KATABI, Uganda (RNS) — Jackline Mukisa sobbed as she described how her 8-year-old son was found in a nearby swamp in February without teeth, lips, ears and genitals.
“My innocent son died a painful death,” said Mukisa, 28. “How could somebody intend to murder my son?”
A motorcyclist offered John Lubega a lift as he walked back from school, according to fellow students who saw him last. His remains suggest he was slowly killed as part of a human sacrifice ritual performed by witch doctors, apparently to appease the spirits, said Mukisa, who filed a police report.
No arrest has been made so far.
In this landlocked country whose diverse landscape includes the snow-capped Ruwenzori Mountains and immense Lake Victoria, many believe sacrificial rituals can bring quick wealth and health.
Among those rituals, human sacrifice, especially of children, occurs frequently despite the government’s efforts to stop it.
Seven children and two adults were sacrificed last year, said Moses Binoga, a police officer who heads Uganda’s Anti-Human Sacrifice and Trafficking Task Force. Seven children and six adults were sacrificed in 2015.
But experts said the number could be much higher.
Times are tough in Uganda, and people are looking to sacrifices to improve their fortunes. The worst drought in over half a century has hit parts of East Africa, leaving more than 11 million people in this landlocked nation facing food insecurity and 1.6 million on the brink of famine, according to the Ugandan government.
“There is no food due to the ongoing drought, and some believe that this has been brought by ancestral spirits,” said Joel Mugoya, a traditional healer. “So there is a high desire for people to conduct sacrifices so that they come out of this problem.”
Recently, Uganda police arrested 44 suspects in Katabi, a town 24 miles from the capital, Kampala, in connection with a spate of killings of children and women. Half of the suspects have been charged in court, including two alleged masterminds.
Uganda Police Inspector General Kale Kayihura said one suspect confessed to killing eight women. More than 21 women have been killed between May 3 and Sept. 4, Kayihura said.
“The murders were for ritual sacrifices,” he told residents last week. “We are working hard to arrest the remaining suspects and end the practice.”
Francis Bahati’s wife was among the victims. He discovered her body after three days of searching. Her fingers and feet had been cut off for ritual purposes, likely in hopes of securing better fortunes.
“I was shocked and even lost consciousness,” he said.
Last year police arrested Herbert Were, a resident of Busia town in eastern Uganda, for beheading his 8-year-old brother, Joel Ogema. Were, 21, confessed to police that he killed his brother in hopes of attaining wealth.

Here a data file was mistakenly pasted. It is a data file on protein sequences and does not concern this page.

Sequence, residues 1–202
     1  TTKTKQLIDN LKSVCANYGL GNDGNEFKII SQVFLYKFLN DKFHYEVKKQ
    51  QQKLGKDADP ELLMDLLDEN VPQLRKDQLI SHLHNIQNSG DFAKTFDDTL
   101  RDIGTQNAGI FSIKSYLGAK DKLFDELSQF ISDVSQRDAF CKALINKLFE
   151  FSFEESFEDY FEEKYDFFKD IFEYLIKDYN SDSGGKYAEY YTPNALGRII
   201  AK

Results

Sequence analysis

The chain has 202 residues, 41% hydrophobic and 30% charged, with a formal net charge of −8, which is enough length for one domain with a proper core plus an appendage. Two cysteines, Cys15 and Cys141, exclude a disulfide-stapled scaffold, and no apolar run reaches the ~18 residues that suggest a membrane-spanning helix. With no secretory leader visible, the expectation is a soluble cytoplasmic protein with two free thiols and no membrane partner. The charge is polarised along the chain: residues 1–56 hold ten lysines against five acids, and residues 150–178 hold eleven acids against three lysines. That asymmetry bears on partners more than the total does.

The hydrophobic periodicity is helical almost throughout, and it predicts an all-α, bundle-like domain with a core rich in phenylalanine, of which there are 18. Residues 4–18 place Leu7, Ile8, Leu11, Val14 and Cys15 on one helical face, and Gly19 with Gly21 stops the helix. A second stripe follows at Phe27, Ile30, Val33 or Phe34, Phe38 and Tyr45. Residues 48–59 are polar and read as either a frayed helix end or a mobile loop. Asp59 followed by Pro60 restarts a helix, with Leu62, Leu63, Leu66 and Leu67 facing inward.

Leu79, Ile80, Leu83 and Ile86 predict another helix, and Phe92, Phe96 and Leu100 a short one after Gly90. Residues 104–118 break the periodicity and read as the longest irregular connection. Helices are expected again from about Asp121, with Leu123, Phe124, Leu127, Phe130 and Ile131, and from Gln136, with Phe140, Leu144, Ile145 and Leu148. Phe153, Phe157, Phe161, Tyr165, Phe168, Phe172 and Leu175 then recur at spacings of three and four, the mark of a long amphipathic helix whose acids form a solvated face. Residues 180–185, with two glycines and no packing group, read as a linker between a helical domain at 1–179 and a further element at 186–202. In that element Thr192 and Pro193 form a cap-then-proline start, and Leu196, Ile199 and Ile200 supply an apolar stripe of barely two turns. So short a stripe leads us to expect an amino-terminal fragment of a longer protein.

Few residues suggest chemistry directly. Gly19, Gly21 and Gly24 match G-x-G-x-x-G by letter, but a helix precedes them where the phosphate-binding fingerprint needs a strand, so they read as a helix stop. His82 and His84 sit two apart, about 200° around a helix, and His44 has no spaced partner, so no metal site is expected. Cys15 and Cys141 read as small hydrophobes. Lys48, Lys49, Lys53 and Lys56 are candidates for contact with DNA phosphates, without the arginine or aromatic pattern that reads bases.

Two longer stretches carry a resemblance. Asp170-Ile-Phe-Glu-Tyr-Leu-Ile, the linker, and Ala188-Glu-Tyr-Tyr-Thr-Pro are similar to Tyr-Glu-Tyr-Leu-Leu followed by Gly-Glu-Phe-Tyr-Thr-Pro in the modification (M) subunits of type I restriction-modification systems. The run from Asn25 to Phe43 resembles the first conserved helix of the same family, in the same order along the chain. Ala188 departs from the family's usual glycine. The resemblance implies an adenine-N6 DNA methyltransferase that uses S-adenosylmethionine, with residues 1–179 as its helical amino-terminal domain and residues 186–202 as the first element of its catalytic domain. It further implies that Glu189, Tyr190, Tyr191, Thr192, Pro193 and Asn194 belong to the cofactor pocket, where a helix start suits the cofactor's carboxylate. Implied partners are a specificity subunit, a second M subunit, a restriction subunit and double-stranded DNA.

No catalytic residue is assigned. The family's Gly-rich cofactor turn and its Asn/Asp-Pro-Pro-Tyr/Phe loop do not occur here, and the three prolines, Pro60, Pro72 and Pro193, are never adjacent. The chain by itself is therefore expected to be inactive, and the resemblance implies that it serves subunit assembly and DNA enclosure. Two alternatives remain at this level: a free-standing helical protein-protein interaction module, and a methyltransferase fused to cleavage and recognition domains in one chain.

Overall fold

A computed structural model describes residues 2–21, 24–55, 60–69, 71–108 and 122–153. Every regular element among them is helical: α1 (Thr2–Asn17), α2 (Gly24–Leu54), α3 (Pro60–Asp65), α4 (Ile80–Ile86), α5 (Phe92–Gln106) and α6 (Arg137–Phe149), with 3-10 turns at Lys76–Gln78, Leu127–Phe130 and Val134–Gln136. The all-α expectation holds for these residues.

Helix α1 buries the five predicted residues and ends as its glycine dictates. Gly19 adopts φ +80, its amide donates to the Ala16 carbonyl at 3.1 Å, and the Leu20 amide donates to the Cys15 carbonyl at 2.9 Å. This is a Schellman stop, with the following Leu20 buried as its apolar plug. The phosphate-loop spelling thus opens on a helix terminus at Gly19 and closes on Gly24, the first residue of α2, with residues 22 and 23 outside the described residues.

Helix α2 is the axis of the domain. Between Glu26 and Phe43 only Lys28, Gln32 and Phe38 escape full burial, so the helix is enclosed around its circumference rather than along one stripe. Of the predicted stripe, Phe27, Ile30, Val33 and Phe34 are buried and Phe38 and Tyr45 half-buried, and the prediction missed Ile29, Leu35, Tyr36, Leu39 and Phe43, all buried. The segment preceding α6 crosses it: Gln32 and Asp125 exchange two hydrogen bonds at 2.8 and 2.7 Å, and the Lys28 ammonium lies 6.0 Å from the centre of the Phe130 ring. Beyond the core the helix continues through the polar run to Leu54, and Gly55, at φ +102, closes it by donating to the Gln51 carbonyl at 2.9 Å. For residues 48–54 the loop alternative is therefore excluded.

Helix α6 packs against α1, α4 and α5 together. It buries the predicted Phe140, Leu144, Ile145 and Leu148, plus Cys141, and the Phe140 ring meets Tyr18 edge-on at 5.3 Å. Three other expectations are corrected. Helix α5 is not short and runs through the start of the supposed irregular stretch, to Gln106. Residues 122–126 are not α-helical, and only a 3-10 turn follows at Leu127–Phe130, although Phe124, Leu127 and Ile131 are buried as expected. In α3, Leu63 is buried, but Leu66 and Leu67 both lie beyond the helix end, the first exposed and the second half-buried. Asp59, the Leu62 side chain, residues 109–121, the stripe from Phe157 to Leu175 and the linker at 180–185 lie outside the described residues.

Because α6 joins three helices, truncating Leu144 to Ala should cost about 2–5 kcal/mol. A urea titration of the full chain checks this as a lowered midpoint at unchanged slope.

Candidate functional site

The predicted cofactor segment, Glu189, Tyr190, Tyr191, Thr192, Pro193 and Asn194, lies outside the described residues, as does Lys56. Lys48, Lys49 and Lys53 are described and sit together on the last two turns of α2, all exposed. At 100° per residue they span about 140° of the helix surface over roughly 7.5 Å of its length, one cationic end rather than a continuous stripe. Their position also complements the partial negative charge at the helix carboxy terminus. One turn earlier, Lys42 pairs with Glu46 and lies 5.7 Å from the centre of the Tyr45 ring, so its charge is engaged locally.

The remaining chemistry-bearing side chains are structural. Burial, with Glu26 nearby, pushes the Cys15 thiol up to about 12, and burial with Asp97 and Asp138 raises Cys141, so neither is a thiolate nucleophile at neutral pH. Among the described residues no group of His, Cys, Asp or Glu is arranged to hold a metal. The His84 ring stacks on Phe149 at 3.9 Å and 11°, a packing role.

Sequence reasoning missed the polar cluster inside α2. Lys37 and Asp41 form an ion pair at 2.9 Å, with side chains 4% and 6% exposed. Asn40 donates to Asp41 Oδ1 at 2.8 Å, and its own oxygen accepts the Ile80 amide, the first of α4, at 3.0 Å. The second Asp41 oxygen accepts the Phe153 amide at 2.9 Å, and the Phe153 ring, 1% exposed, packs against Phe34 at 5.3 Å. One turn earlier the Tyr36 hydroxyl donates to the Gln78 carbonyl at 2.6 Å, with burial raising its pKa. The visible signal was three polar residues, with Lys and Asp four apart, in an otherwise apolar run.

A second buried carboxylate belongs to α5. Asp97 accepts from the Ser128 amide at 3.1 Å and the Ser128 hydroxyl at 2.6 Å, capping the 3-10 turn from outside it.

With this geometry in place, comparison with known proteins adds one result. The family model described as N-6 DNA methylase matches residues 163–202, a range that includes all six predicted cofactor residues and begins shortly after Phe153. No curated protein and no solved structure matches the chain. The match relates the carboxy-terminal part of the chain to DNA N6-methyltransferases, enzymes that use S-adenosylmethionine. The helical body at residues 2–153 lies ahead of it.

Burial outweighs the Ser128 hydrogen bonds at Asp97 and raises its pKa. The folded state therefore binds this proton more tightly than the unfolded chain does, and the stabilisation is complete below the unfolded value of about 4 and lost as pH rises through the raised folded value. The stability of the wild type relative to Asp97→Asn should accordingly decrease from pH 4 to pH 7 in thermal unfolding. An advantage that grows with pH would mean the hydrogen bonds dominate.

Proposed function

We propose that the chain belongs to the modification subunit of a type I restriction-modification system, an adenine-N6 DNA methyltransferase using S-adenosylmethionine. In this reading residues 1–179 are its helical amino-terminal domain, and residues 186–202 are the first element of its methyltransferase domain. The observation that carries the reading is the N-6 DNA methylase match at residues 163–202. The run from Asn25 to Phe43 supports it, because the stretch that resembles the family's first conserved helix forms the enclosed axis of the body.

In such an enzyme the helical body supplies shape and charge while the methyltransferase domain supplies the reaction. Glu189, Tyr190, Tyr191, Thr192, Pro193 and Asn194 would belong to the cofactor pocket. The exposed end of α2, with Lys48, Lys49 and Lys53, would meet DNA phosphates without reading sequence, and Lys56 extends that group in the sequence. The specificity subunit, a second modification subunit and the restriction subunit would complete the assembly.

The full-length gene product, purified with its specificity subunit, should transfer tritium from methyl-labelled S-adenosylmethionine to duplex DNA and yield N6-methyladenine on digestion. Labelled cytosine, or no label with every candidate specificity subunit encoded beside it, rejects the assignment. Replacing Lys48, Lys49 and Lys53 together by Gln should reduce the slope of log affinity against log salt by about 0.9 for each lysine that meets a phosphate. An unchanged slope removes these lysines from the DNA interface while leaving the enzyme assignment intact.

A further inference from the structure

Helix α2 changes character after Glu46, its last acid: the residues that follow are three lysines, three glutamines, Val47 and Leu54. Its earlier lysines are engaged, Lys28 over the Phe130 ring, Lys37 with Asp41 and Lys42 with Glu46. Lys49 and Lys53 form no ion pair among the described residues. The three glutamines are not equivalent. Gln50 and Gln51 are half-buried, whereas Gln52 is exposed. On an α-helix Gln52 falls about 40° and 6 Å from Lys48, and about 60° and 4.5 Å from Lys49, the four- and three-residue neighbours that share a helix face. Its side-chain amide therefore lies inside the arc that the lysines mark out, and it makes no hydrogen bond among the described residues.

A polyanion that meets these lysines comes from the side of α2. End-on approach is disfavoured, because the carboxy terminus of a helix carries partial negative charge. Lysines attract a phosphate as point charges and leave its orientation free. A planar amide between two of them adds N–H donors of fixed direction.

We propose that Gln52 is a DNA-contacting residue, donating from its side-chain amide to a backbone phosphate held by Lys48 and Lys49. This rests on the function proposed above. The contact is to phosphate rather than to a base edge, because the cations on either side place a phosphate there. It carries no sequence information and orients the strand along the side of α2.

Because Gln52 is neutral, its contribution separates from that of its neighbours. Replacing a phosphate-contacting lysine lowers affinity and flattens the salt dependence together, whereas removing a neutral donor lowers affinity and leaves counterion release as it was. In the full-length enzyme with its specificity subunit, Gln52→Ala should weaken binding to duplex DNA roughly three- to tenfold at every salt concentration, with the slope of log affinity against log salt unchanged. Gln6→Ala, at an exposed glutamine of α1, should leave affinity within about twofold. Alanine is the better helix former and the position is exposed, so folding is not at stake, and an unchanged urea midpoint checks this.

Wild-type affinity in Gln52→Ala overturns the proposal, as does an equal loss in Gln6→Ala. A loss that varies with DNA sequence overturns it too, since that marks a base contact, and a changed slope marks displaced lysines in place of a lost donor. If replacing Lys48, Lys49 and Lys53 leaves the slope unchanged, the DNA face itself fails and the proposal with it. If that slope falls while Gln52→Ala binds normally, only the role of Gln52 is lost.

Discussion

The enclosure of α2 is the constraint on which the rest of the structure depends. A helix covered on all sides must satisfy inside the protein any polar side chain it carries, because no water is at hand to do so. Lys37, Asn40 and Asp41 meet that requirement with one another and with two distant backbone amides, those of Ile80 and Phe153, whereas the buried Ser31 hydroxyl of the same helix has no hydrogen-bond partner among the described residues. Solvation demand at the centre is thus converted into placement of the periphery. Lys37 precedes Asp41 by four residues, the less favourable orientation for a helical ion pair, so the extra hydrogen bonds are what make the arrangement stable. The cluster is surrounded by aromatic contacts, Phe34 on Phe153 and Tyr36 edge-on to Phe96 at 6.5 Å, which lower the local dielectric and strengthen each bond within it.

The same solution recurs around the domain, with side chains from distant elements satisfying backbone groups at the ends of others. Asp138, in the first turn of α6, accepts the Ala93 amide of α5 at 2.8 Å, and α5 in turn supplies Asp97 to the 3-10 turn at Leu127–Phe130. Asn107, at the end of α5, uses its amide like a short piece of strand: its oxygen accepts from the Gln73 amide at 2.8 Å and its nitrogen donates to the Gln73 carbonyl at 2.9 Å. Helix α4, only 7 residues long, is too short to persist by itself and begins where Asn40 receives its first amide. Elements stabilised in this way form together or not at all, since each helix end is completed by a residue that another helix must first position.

Church leaders are teaming up with police to end the brutal practice.
Pastor Peter Sewakiryanga, who heads Kyampisi Childcare Ministries, a Christian organization that fights child sacrifice in Uganda, said children disappear in the country every week. They are often found dead, or alive with missing body parts.
Most survivors or victims do not file police reports, Sewakiryanga said, adding that he implores victims to come forward.
“It’s a serious problem but we are fighting it with the help of the government,” he said.
Sacrifices often involve removing body parts, blood or tissue while the child is still alive.
“It’s a brutal ritual that destroys the lives of our children and affects their parents mentally,” he added. “We are working with the police to arrest witch doctors involved in the ritual. We are also assisting the survivors financially and with moral support.”
Sewakiryanga said his charity worked with Ugandan police three years ago to arrest a witch doctor and his accomplices who sacrificed a 7-year-old girl named Suubi.
The witch doctor drained her blood and cut out her genitals, he said. He then cut the neck and drained the blood of the girl’s 10-year-old brother, Kanani.
In June, a Ugandan court sentenced the witch doctor to life in prison.
Fears of witch doctors have hurt women who practice traditional medicine, however.
According to KidsRights, a global organization that fights for the rights of children, Uganda has 650,000 registered traditional healers and an estimated 3 million unregistered practitioners. Unscrupulous witch doctors hide among so-called healers, the group said.
“They should arrest people who murdered my son,” Mukisa said. “The government is doing little to protect our children. They must begin to arrest all witch doctors.”
But Sewakiryanga said arresting everyone claiming to practice medicine was going too far. He hoped to end the practice by changing the hearts of those who promote human sacrifice.
Efforts to end the practice need to expand, he said. Other countries in Africa reported to be practicing child sacrifice include Tanzania, Nigeria, Swaziland, Liberia, Botswana, South Africa, Namibia and Zimbabwe.